Egmont Key is disappearing into the ocean

60% of historic island washed away since 1850
Posted at 7:24 PM, Jun 21, 2017
and last updated 2017-06-21 19:24:32-04

Egmont Key is disappearing! 60% of the island near Fort De Soto and the Sunshine Skyway has eroded since the island was surveyed in 1850. Once 400 acres, the island is now only about 160 acres and is only 2 miles long and a 1/2 mile wide.


There’s a big push to save the historic island from vanishing all together.


A trip to the island takes just 15 minutes by boat from Fort De Soto Park.


The island paradise is steeped in history! Egmont Key was once home to 300 soldiers during the Spanish American War and the place Seminole Indians were kept in the 1800s.


Now, the island is fighting a losing battle with waves. 


Vinny Fugett, a captain with Island Boat Adventures explained, “Over the past 6 months I’ve watched it drastically change. We’re worried about it. If it breaks off into two different islands the whole island will deteriorate in a year’s time or so.”


Fugett brings close to 100 people to Egmont Key every day to snorkel. He’d be heartbroken to lose his favorite spot.


The island serves as a barrier to protect the mouth of Tampa Bay, but it’s is so badly threatened, it was recently named the 11th most endangered historic site in florida. It’s the first site to ever make it on Florida Trust for Historic Preservation’s list because of rising sea levels.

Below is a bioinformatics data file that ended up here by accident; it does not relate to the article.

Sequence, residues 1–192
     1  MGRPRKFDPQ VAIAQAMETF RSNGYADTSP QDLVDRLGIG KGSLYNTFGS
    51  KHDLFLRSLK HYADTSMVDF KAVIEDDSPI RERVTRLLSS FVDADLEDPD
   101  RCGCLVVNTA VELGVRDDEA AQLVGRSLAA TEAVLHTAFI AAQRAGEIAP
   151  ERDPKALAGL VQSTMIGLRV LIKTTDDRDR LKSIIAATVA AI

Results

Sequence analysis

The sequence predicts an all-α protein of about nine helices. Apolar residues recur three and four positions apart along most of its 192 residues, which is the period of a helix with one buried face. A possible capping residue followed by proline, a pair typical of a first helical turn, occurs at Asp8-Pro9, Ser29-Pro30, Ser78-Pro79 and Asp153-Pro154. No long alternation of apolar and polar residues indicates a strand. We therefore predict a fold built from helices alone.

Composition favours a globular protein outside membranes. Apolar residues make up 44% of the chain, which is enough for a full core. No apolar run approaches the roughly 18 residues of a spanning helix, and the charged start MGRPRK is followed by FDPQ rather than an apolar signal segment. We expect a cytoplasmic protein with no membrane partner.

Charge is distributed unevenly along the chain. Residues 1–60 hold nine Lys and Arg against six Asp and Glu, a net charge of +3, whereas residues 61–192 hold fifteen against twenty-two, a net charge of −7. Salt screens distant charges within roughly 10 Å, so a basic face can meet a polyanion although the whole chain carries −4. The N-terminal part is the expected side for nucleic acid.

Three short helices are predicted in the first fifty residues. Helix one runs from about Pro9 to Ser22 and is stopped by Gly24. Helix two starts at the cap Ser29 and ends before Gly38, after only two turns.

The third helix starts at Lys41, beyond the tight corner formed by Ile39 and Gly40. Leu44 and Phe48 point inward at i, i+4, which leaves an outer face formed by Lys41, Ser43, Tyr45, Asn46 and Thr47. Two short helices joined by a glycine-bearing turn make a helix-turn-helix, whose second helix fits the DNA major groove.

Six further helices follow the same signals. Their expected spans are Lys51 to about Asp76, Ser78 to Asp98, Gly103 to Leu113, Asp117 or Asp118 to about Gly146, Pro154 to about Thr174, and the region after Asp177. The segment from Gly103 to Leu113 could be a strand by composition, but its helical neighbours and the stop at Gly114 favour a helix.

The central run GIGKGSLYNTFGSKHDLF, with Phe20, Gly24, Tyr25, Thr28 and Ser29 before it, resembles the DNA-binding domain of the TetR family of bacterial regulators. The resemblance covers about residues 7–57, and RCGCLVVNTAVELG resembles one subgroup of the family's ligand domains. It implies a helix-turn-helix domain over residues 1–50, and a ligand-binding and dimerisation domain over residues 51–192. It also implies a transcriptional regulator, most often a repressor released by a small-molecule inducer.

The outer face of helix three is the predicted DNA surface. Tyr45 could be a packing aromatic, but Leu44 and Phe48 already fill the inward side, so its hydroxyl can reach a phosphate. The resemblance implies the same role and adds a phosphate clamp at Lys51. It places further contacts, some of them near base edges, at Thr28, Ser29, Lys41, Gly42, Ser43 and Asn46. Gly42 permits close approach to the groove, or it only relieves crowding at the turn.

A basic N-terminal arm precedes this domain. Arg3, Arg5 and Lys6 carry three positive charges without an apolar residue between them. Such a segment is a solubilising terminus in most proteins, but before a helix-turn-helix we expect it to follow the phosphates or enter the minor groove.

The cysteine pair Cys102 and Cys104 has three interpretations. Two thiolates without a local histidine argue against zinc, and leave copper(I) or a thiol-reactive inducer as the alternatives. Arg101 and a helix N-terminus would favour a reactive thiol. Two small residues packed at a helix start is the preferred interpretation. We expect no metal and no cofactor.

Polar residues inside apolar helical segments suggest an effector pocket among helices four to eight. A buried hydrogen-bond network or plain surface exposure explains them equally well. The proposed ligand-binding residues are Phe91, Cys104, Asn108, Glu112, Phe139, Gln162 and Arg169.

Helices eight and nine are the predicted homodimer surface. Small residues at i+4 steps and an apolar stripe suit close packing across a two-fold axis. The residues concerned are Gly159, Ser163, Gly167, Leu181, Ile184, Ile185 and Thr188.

Community members are desperate to step in now to save it. 


John Anderson who also works for Island Boat Adventures added, “If it’s not there, nobody will be able to enjoy it like we are now and that would be a shame.”


The Army Corp of Engineers plans to add more sand to the island next year. But it too, will soon wash away. 


A long term fix is tricky. Dozens of loggerhead sea turtles nest on Egmont Key, so building a wall as a barrier to waves is out of the question. 


Another alternative is to add sheet piling to keep the sand in place. The drawback: It would cost at least $13 million. 


It’s a cost island visitor Denise Wilson argues is worth every cent, “It’s a beautiful island and that lighthouse! Wow! The history! We need to keep the history here for the long term so we need them to bring more sand. Bring more sand everybody.”


All it takes is one severe tropical storm, and Egmont Key and it’s history, could be washed away forever. 


The Army Corp of Engineers stresses they’ll do everything they can to keep that from happening. Laurel Reichold, project manager, explained, “We were just on Egmont Key and it is a historical gem. It is a high priority for our organization.”


There are close to 40,000 seabirds on the island, dozens of gopher tortoises, snakes and loggerhead sea turtle nests.